What I did at the weekend


On Monday night I gave a talk to the Westbury Park Quilters on Album and Friendship quilts.

I have been doing some research on these on and off for several months, and one of the most intriguing quilts I have come across is this one:

IMG_0842The blurry black and white photo is all I have as it is a plate in Patsy and Myron Orlofsky’s comprehensive book about American quilts, Quilts in America (1975).   The original was made by Elizabeth Roseberry Mitchell in 1839 and is considerably bigger than my copy at 79.5 x 80 inches.

What I love about this quilt is the inclusion of those coffins which are embroidered with the names of the dear departed in the original.  As family members died they were added to the centre of the quilt.  I can’t help imagining the scene: there you are lying in your bed with a bit of a temperature when Elizabeth turns up with her sewing basket and starts stitching your name onto a small, lozenge-shaped piece of fabric…

My version is much smaller than the original because it was just a demonstration piece.  It is made with furnishing fabric and suiting samples and a little bit of silk for the leaves and flowers.  The purpley fabric used for the gate was a real swine.  I had held the whole thing together with super-heavy duty steam-a-seam and then top-stitched it.  Unfortunately the heavy pile and the glue was just too much for the jeans needle I was using,  The eye clogged up so much that I couldn’t rethread the needle when the thread inevitably broke.  I used three needles just stitching the purple:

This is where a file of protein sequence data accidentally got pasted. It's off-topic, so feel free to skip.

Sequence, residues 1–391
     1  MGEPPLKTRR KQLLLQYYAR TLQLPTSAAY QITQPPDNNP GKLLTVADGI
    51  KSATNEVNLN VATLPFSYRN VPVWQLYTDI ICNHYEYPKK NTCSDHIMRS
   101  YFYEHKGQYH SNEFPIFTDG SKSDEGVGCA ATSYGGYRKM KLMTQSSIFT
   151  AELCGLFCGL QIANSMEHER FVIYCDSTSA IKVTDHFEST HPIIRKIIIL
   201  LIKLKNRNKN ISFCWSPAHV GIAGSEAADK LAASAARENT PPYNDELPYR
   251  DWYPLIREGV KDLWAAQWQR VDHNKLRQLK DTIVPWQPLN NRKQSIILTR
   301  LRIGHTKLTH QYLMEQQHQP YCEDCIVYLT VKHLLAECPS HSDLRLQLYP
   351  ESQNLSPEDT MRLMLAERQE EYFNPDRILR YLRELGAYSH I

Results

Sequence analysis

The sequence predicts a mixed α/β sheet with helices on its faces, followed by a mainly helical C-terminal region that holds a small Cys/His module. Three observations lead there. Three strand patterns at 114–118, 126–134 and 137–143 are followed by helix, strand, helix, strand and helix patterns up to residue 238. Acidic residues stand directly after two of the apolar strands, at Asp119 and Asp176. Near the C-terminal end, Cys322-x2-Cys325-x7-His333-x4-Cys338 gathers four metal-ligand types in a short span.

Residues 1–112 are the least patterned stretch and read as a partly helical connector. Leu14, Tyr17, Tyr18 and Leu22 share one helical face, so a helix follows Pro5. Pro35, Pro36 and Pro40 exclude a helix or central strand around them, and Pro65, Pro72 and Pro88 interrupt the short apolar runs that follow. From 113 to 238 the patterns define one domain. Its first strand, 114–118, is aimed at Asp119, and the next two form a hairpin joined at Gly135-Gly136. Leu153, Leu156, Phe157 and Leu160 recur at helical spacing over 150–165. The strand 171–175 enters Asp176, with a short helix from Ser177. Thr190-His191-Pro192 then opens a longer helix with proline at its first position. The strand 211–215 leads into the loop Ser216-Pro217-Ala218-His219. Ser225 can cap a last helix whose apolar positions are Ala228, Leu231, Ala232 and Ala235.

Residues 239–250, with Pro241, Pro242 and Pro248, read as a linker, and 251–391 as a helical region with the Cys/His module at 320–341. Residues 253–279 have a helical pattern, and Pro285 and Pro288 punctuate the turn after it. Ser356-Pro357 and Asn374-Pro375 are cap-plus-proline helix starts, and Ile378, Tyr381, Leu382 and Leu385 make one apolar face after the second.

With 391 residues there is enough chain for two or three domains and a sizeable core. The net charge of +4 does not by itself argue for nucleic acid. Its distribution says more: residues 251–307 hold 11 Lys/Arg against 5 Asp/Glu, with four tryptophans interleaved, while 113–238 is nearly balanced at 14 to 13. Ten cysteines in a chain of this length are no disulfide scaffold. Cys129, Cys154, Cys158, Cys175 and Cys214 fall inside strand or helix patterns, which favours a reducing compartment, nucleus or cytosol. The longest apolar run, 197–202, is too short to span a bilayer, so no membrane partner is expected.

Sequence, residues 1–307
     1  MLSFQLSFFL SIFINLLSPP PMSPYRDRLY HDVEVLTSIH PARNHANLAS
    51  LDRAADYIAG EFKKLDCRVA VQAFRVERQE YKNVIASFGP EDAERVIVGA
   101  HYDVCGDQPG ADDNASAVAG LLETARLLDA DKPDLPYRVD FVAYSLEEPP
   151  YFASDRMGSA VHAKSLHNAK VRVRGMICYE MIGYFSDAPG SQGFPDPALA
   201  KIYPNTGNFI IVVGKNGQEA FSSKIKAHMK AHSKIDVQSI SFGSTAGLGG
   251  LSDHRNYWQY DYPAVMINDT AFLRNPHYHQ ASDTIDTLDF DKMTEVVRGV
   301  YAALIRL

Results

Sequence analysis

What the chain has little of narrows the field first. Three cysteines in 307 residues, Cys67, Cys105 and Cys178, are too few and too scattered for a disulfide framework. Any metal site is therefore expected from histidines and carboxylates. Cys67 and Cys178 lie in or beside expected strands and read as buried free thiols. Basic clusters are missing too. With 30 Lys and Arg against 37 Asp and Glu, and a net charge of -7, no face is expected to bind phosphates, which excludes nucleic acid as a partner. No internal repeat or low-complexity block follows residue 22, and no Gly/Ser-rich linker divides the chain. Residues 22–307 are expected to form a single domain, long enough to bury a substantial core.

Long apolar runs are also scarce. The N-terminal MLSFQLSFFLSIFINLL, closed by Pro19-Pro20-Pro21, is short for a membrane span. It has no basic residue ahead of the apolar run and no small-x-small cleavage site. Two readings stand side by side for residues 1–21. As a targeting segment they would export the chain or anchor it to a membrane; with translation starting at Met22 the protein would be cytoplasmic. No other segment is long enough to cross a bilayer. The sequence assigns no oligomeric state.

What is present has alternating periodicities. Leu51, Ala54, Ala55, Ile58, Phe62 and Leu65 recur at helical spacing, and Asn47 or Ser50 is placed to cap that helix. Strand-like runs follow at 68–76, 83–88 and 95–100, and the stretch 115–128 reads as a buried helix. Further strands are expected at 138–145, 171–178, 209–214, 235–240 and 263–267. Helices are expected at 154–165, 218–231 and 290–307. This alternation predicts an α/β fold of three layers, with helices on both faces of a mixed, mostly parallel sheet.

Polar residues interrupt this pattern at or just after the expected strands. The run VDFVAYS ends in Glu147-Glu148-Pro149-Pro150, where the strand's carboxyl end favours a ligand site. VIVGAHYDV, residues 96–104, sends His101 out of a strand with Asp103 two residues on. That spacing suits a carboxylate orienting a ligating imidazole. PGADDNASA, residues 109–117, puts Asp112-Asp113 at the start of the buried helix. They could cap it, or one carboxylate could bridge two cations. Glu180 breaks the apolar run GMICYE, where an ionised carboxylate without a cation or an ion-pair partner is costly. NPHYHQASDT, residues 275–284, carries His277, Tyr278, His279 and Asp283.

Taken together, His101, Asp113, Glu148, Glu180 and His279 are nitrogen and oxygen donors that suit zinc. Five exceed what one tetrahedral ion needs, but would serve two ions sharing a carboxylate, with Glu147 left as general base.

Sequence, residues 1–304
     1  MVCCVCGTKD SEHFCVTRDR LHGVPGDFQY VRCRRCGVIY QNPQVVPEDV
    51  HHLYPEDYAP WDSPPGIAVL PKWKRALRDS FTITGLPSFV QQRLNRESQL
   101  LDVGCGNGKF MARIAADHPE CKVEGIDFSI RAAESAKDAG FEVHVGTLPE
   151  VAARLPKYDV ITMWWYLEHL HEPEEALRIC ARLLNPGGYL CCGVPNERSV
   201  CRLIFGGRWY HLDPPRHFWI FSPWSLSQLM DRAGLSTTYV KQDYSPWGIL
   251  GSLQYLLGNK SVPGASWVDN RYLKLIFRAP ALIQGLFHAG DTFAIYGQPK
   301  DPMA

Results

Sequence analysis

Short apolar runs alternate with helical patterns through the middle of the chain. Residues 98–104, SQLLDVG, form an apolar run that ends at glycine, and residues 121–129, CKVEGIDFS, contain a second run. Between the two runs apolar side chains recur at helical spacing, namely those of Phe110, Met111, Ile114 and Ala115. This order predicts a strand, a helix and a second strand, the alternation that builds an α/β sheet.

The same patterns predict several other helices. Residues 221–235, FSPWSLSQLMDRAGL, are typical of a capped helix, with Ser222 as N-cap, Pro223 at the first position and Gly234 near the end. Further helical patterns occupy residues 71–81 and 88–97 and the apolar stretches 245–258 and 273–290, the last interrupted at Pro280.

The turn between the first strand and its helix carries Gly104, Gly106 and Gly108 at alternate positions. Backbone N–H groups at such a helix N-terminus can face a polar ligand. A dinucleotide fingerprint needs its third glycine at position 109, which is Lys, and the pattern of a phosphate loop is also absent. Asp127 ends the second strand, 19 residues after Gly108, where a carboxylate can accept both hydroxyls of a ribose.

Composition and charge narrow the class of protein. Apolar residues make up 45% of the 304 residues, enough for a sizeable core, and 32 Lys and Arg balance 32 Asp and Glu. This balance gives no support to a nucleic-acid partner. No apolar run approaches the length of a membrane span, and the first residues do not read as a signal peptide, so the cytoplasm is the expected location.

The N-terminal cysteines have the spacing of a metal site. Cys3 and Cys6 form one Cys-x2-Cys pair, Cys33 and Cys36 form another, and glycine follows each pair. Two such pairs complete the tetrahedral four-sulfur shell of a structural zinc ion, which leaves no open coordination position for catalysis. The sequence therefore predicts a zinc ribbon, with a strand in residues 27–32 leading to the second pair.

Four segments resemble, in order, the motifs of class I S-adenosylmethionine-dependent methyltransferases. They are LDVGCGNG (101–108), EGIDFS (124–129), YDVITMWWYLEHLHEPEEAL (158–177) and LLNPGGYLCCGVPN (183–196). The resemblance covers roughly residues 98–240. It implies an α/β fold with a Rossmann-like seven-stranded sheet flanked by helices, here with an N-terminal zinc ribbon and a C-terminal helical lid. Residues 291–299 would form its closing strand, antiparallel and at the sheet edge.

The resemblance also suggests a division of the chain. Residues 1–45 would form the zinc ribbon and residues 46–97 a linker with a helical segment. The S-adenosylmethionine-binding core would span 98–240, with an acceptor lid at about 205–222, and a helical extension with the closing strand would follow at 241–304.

I cheated a bit with the leaves and flowers.  I made the leaves from diamonds cut from a strip about half an inch wide as I was taught to do at school to make leaves from pastry to go on the top of pies.  The flowers are squares stitched into oblivion so that they fray into circles, although I did start snipping off the corners and turning them into hexagons as I got into it: